Warren Boroson’s excellent Aug. 7 article on Richard Wagner, as well as his interview with Prof. Leon Botstein, offer important insights into Richard Wagner’s anti-Semitism and his music. But Boroson glosses over the controversy that surrounded the playing of Wagner’s music by Daniel Barenboim in 2001. Barenboim’s actions at the time were quite controversial, and completely dishonorable. Allow me to refresh your readers’ memory.
In 2001, Daniel Barenboim and the Berlin Staatskapelle were invited to perform at the annual Israel Fair, one of Israel’s major arts and cultural celebrations of the year. Barenboim wanted to perform Wagner’s opera “Die WalkÃ¼re,” in keeping with his long held view that unofficial ban of Wagner’s music in Israel referred to in Boroson’s article be rescinded. Yet he agreed to refrain from doing so at the request of the Israel Fair organizers. Had he not, he and the Berlin Staatskapelle would not have been allowed to play. The merits of the ban notwithstanding, this was the agreement that Barenboim and then Israel Festival director Yossi Talgan agreed to. Yet at the end of the concert, Barenboim announced that he would play Wagner’s overture to the opera “Tristan und Isolde” as an encore, and that those who objected should leave.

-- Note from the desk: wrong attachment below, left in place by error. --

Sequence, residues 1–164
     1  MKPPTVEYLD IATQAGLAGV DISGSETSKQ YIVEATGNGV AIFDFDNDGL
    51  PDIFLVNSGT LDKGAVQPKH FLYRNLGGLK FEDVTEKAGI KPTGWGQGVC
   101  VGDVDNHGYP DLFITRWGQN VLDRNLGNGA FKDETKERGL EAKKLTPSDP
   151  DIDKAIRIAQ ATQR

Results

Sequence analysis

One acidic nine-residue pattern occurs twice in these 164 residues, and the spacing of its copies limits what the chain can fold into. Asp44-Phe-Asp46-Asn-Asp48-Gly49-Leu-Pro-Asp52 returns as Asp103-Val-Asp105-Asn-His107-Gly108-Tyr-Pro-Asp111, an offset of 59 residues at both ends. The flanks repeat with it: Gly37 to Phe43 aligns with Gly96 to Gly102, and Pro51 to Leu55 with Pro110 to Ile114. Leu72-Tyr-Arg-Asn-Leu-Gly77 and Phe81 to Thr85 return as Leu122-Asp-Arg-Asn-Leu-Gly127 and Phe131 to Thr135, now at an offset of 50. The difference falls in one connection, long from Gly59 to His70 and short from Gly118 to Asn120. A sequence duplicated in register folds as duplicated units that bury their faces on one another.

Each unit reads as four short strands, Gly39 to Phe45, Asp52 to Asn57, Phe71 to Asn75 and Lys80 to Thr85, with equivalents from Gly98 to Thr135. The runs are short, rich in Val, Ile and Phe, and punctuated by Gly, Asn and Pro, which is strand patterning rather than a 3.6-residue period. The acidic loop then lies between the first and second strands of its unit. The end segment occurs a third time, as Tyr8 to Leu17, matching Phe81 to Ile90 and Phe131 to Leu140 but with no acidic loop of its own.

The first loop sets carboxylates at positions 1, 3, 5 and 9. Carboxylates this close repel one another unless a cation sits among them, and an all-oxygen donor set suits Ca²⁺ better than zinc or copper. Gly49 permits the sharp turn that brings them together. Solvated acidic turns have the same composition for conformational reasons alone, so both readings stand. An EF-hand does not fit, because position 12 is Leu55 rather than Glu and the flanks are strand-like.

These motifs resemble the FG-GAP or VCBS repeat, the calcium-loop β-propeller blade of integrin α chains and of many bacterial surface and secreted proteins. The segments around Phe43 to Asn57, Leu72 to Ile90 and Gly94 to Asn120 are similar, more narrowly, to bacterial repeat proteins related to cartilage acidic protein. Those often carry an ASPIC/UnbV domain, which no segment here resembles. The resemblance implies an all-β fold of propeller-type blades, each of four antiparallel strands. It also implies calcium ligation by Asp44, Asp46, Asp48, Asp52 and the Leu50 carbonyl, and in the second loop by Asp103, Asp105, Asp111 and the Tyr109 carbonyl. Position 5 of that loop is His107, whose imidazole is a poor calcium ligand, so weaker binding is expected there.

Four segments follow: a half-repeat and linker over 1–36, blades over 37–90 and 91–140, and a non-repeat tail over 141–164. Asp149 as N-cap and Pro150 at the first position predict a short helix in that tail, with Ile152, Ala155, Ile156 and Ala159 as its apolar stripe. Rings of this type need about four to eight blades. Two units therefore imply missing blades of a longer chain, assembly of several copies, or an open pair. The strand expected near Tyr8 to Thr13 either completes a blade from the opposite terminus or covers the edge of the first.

As the Jerusalem Post reported at the time, then Science and Culture Minister Matan Vilna’i accused Barenboim of “pulling a fast one,” which he most certainly did. Prime Minister Ariel Sharon and President Moshe Katsav echoed the criticism, as did many others. It caused quite an uproar at the time.
Prof. Botstein has articulated a strong yet unconvincing argument against the ban on Wagner’s music in Israel. As he is an honorable man, his views should be considered and debated. The same simply can’t be said of Daniel Barenboim, and how he went about challenging the ban.